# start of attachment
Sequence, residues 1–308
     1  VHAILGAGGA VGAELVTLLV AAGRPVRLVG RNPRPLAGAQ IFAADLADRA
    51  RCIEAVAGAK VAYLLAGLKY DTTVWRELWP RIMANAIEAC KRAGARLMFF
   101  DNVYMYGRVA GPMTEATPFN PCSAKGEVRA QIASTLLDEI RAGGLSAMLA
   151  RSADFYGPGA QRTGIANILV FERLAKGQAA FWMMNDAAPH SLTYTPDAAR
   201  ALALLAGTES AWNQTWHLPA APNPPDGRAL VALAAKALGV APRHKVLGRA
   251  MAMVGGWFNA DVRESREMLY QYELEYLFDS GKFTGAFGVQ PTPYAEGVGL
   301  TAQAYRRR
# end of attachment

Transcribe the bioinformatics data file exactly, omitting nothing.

Sequence, residues 1–308
     1  VHAILGAGGA VGAELVTLLV AAGRPVRLVG RNPRPLAGAQ IFAADLADRA
    51  RCIEAVAGAK VAYLLAGLKY DTTVWRELWP RIMANAIEAC KRAGARLMFF
   101  DNVYMYGRVA GPMTEATPFN PCSAKGEVRA QIASTLLDEI RAGGLSAMLA
   151  RSADFYGPGA QRTGIANILV FERLAKGQAA FWMMNDAAPH SLTYTPDAAR
   201  ALALLAGTES AWNQTWHLPA APNPPDGRAL VALAAKALGV APRHKVLGRA
   251  MAMVGGWFNA DVRESREMLY QYELEYLFDS GKFTGAFGVQ PTPYAEGVGL
   301  TAQAYRRR